There are rumblings that Firefox will soon join Chome in deprecating NPAPI, but so far nothing has really emerged. And, of course, NPAPI is still enabled on Internet Explorer, Opera and Safari.
Kill Java. Kill It With Fire
Java is an interesting, and startlingly common attack vector for malware to infect your computer. But there’s something you can do about it. It’s simply, and it’s obvious.
You simply delete the entire Java runtime from your system.
If you’re not using it, there’s no real point in having it installed, and deleting it is easier than you think. Here’s how you do it on Linux (Ubuntu – other distros may vary), Mac OS X, and Windows 10.
Removing Java on Linux (Ubuntu)
Removing Java on Linux is simultaneously simple and complicated. It’s simple in the respect that you need only run a few commands. But it’s also complicated, as you need to know what Java runtime you’re removing.
But wait, there’s more than one Java runtime?
Well, yes. You see, there’s the official one that’s produced by Oracle – the developer of Java. But there’s also the OpenJDK, which is an open source implementation released under the GNU General Public License – a permissive software license favored by open source products.
Odds are good that you’ve got the OpenJDK, but it’s easy to check. Just run:
Then, it’s a simple matter of removing the relevant packages with your package manager.
sudo apt-get autoremove openjdk-jre-7
If you’re using an older version of the OpenJDK, change the version number (openjdk-jre-<version>) to correspond with it. If you’re using the Oracle JDK, run:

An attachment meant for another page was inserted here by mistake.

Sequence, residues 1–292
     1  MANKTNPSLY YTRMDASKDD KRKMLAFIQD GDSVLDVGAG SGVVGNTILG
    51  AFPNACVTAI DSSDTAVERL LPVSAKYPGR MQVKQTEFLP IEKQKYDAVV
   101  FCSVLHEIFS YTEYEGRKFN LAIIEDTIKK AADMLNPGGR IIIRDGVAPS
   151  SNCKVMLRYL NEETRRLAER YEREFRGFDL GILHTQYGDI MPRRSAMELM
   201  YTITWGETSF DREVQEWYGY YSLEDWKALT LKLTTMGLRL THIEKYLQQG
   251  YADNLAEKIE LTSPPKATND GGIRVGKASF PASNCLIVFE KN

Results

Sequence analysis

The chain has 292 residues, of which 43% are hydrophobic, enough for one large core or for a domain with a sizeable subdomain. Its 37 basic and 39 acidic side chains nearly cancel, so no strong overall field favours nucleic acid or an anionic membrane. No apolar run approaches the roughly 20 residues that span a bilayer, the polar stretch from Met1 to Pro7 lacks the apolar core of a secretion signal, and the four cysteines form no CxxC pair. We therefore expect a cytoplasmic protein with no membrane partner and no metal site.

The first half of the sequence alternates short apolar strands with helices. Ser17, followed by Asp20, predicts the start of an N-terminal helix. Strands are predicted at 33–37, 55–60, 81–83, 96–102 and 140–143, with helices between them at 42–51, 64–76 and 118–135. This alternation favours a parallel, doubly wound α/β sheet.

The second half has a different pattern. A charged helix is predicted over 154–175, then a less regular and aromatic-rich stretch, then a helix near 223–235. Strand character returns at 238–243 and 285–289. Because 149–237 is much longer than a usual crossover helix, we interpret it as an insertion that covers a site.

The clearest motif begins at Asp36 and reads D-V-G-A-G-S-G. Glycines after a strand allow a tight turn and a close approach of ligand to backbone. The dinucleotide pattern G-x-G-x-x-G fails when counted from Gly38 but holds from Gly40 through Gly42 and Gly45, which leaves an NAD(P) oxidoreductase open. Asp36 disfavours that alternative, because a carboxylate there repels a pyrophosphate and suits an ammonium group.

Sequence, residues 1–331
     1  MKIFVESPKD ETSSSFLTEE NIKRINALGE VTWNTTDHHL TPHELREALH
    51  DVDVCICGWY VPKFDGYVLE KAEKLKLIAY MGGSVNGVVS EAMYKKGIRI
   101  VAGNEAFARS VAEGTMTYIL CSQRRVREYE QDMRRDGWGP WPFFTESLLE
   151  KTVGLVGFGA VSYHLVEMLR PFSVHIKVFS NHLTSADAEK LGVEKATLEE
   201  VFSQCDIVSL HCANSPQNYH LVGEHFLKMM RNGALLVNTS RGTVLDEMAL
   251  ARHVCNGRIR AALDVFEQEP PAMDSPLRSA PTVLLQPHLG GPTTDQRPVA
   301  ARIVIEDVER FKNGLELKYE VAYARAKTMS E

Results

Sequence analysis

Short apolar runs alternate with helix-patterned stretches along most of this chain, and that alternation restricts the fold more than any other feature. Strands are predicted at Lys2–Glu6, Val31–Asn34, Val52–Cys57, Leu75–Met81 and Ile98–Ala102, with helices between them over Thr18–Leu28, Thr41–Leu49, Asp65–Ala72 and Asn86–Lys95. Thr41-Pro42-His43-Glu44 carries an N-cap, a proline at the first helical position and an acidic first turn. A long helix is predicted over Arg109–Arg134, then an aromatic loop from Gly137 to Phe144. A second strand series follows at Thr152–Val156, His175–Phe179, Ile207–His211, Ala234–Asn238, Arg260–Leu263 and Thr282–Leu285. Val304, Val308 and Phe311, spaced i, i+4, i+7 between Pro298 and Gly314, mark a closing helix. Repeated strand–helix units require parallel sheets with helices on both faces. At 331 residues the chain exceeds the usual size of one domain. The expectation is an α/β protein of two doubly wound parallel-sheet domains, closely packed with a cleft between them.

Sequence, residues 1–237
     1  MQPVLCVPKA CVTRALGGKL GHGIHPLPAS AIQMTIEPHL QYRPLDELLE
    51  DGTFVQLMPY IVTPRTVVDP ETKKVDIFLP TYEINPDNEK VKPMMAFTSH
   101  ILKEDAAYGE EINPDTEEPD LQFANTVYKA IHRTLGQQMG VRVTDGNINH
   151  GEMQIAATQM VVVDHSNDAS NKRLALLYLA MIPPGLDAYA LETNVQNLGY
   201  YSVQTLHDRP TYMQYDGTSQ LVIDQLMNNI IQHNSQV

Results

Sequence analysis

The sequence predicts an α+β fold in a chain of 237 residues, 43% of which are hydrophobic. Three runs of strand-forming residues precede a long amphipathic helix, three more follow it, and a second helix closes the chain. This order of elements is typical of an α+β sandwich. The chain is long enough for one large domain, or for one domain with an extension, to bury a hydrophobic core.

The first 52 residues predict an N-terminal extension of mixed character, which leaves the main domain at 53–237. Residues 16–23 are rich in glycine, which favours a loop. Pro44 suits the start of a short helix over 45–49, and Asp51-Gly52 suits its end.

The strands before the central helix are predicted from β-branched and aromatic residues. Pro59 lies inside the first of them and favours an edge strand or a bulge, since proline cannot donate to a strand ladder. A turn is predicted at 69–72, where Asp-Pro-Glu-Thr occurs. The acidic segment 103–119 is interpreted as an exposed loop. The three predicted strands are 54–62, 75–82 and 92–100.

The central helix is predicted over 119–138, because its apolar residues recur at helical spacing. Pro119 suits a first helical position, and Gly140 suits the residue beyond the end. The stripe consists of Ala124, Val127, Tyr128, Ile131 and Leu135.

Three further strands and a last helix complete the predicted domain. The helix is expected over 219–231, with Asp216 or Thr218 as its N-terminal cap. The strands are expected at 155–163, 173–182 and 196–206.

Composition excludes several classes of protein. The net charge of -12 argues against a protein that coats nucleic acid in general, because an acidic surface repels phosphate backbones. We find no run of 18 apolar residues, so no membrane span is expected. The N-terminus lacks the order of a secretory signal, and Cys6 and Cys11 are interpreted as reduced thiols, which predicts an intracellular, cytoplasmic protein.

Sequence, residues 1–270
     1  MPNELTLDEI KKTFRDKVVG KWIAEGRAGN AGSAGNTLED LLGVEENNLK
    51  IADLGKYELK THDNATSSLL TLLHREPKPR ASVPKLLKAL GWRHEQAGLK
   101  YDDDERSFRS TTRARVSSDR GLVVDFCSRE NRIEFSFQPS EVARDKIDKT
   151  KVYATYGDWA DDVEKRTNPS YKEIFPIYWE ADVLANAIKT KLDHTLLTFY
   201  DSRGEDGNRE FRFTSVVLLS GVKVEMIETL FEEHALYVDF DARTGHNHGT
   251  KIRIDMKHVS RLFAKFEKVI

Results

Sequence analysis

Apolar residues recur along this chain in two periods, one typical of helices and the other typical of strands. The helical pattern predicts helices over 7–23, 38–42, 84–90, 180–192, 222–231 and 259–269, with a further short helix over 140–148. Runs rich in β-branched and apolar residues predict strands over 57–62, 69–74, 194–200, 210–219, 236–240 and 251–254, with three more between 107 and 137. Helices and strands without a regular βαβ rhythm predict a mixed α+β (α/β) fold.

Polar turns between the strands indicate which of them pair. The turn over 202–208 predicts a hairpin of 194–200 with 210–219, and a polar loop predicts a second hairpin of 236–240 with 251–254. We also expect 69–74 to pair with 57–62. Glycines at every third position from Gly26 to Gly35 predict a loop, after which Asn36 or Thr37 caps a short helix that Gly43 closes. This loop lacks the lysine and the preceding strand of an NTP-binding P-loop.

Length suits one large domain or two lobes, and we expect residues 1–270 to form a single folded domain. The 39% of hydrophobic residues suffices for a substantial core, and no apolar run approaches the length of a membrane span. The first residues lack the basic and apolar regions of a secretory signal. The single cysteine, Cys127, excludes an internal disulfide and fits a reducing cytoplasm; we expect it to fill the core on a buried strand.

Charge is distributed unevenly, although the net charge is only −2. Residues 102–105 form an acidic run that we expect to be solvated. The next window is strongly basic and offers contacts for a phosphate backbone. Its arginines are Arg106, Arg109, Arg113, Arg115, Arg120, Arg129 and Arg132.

sudo apt-get remove oracle-java7-installer
Removing Java on Mac OS X
These instructions work for Yosemite; the latest version of OS X. It’s actually surprisingly simple to remove Java here. You merely need root access and a bit of confidence with the command line.
Open a terminal and run the following:
sudo rm -rf /Library/Internet\ Plug-Ins/JavaAppletPlugin.plugin/
sudo rm -rf /Library/PreferencePanes/JavaControlPanel.prefPane
Hurrah! You’ve removed the JRE on your machine.
Removing Java On Windows 10
To remove Java on Windows 10, simply open the Start menu and search for Java. Then right-click it, and click Uninstall. Don’t be afraid if there are more than a few items with Java in the name.
It’s as easy as that. But there’s also an official Oracle app that automates the process of removing Java.
If you’re using Windows 7, you might want to check out this post by former MUO-er, Chris Hoffman, which explains in perfect detail how to disable and remove Java from your PC.
The era of Java applets is long gone. Good riddance.
They were slow, insecure, and quite frankly, there are much better technologies that’ve supplanted them. HTML5, and Canvas in particular, spring to mind. Google should be applauded for finally discontinuing support for them in Windows 10.
Of course, the only way to truly be secure is to remove it entirely.
So with that in mind, is there any real reason to have Java installed on you computer? I didn’t think so, but what do you think? Any thoughts? I want to hear them. Leave me your comments in the box below, and we’ll chat.